A researcher says the maternity and infant healthcare system is failing maori women and their babies, who suffer poorer outcomes than non Māori.
Dr Kendall Stevenson co-authored Te Hā o Whānau: A culturally responsive framework of maternity care which was published in the New Zealand Medical Journal on Friday.
The 2017 study focused on the experiences of 10 Māori women and their whānau who dealt with the maternal-infant healthcare system when their babies became ill and /or died.
“Our maternal and infant healthcare system is failing Māori, that is the bottom line, because there is massive inequities,” Dr Stevenson said.
“Without addressing those inequities, wellbeing will never fully be accomplished.”
Māori women and their babies are more often becoming ill or dying than their non-Māori counterparts.
She said Māori women were more likely to go into pre-term birth than non-Māori.
“It could be they are receiving inadequate antenatal care in that the antenatal care is not picking up the risk of pre-term for example,” she said.
“But we are also seeing inequities in the way those pre-term mothers are being cared for.”
Dr Stevenson said if a Māori woman went into pre-term labour, she was less likely to receive the full amount of antenatal steroids needed.
“Those are really important to help, in that short timeframe, help bubba get as much growth as they can – as much help in their lungs – before they are delivered.
“Our Māori women are less likely to receive that optimal care and that is proven in Perinatal Maternal Mortality Committee (PMMRC).”
She said failures at that early stage could have long-term consequences for a child, adding that babies born early were more likely to face long-term health conditions.
“I think any disparity or any inequity is unacceptable.”
Māori can’t be Māori in the system
Mothers in the study reported feeling uncomfortable and sometimes unsafe when they were dealing with the system.
Dr Stevenson said many felt they were not properly welcomed into the environment and did not get an opportunity to know who they were speaking to.
There was very poor communication of the care that was being delivered to either themselves or their baby, she said.
“When their baby – something had happened – they were not told what was going on.
“So they were left alone while their baby was taken and getting care done for them and they had no idea what was going on.
“The only reason they knew something was up was because more and more doctors were rushing in.”
She acknowledged that there was a need for urgency in some situations, but said a kaiāwhina could have come to speak with the whānau and inform them about what was happening.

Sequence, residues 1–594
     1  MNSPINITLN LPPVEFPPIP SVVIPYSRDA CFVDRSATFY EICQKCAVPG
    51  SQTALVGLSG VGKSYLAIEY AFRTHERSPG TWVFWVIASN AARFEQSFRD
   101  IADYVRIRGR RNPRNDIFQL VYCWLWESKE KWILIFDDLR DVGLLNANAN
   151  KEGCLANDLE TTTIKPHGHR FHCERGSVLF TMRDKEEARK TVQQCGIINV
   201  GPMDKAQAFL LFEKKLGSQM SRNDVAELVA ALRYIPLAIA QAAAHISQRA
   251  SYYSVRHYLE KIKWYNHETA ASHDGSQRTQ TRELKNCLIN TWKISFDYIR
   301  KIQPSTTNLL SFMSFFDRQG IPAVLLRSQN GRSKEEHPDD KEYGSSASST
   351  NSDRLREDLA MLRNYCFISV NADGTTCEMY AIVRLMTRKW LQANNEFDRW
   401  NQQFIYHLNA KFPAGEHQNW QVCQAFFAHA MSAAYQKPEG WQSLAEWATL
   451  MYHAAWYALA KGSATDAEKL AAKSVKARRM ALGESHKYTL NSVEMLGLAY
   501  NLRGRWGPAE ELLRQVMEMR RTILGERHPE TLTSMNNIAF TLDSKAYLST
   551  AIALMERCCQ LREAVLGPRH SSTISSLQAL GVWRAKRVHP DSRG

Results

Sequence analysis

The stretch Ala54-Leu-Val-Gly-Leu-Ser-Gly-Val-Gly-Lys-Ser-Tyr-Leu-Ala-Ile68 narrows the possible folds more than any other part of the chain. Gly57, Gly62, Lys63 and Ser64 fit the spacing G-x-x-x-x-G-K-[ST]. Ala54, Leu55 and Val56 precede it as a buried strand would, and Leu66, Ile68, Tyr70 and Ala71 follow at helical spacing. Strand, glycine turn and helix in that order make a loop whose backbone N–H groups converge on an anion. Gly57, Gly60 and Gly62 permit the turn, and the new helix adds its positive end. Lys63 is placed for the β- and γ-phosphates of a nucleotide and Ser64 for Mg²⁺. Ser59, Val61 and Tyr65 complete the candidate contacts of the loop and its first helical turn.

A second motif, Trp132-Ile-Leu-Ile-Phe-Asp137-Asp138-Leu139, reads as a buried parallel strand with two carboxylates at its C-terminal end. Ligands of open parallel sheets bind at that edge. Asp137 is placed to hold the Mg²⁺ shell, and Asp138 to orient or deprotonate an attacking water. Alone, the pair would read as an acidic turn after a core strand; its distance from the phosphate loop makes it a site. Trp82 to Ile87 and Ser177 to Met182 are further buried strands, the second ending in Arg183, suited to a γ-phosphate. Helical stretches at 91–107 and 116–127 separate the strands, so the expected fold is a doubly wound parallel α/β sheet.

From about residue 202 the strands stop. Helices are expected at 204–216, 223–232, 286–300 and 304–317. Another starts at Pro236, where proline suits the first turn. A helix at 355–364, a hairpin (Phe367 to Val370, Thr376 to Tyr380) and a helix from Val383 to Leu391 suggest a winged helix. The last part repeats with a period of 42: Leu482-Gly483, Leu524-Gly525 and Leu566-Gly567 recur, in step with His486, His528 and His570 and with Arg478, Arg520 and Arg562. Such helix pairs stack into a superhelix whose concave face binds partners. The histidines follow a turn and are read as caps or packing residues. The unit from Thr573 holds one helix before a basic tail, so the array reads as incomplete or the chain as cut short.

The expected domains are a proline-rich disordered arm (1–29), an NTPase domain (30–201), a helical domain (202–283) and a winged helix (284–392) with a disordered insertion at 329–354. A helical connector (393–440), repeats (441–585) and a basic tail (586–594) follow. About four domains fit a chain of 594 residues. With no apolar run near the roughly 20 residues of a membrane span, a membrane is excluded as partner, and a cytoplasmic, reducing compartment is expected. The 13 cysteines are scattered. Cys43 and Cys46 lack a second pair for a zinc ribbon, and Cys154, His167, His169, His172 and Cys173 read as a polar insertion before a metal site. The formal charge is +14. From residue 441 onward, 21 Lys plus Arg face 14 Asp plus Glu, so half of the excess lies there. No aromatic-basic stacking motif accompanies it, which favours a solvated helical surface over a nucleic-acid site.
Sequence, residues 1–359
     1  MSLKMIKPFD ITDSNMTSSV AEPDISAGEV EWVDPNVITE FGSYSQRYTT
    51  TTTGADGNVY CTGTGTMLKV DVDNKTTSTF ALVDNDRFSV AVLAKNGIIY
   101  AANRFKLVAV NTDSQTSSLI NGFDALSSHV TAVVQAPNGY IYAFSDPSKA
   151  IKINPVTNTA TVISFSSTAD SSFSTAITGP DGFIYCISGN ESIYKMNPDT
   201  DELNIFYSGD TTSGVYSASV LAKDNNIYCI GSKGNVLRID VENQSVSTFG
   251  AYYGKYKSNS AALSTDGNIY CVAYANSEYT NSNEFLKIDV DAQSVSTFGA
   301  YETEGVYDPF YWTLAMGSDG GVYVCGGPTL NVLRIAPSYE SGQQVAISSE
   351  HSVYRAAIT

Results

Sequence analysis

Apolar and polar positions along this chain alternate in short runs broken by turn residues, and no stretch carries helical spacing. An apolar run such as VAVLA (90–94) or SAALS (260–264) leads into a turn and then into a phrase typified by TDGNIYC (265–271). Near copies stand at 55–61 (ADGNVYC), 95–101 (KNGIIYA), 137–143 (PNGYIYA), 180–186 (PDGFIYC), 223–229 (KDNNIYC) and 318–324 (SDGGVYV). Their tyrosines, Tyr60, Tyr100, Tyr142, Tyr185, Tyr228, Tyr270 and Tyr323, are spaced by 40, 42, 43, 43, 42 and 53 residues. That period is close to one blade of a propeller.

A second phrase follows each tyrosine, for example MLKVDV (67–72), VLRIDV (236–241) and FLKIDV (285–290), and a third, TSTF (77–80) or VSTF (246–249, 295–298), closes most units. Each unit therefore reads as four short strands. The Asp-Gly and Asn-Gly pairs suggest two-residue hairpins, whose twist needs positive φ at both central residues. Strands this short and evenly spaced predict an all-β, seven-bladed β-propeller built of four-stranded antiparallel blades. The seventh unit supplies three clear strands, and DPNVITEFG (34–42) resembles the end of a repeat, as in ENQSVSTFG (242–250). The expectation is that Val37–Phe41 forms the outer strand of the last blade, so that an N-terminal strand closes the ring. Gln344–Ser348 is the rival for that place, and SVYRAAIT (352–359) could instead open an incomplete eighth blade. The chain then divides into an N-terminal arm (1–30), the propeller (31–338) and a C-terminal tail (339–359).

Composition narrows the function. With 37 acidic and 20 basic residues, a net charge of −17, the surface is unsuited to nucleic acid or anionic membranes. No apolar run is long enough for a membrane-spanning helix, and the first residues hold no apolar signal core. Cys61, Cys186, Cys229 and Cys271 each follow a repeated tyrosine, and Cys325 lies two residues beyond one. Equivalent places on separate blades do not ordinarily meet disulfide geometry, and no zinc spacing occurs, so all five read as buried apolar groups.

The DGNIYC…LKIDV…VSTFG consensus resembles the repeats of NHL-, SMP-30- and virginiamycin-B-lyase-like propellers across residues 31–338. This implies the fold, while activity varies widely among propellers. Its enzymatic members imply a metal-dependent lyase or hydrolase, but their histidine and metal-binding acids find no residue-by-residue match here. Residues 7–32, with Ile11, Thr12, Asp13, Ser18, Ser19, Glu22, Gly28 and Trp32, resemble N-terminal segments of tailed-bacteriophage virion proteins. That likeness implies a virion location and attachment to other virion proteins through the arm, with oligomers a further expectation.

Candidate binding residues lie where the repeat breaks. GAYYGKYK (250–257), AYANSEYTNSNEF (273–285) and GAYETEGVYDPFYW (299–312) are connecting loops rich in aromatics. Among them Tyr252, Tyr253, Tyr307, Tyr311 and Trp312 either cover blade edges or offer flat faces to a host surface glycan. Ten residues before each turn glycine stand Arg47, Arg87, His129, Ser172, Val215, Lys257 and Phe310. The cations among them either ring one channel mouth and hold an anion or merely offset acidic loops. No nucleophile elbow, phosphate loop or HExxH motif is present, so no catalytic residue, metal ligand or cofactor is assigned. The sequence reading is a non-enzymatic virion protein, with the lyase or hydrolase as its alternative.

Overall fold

The maternal-infant healthcare system was not culturally responsive to Māori, which was harming them, Dr Stevenson said.
“Māori cannot be Māori essentially in the healthcare system as it is – we have to forsake a lot of our cultural practices, cultural values and cultural being.
“At the stage now, they can’t be culturally who they are so their wairua is really damaged a lot of the time.
“These women, they told me that they often felt uncomfortable, sometimes unsafe within the healthcare system due to the care that they were receiving.”
She said the findings of the report were highly important and needed to be taken seriously.
It needs to be culturally responsive
Dr Stevenson said the maternal-infant healthcare system in Aotearoa was heavily focused on biomedical principles and practices.
But she said there was a need to forge innovative models of health care that accounted for indigenous knowledge and practices.
“Māori should be at that front seat – they have the absolute right design and deliver how healthcare should be delivered,” she said.
The proposed healthcare framework, named Te Hā o Whānau, aims to guide culturally responsive maternal and infant healthcare, and thereby address the present inequities.
Dr Stevenson said it could be as simple as bringing in simple tīkanga Māori such as whakawhanaungatanga – a Māori value based on nurturing relationships.
“Having a welcoming space for whānau so that they know where they are, who is working with them, and what is going on,” she said.
“Having that opportunity to be welcomed into the space for starters, but also having the opportunity to be introduced to the clinicians that are caring for them.
“That’s a massive one that can really help nourish wairua in these stressful times.”
She said manaakitanga and rangatiratanga were also important tikanga to be introduced in the healthcare system.
“Whānau actually do have a voice to share,” she said.
“They should have the right to actually speak with clinicians on an equal par, rather than the clinicians telling them what to do, when to do, how to do – which is currently how it is a lot of the time.
“Bringing in those tikanga can uplift and help contribute towards the healthcare system being more culturally responsive to Māori.”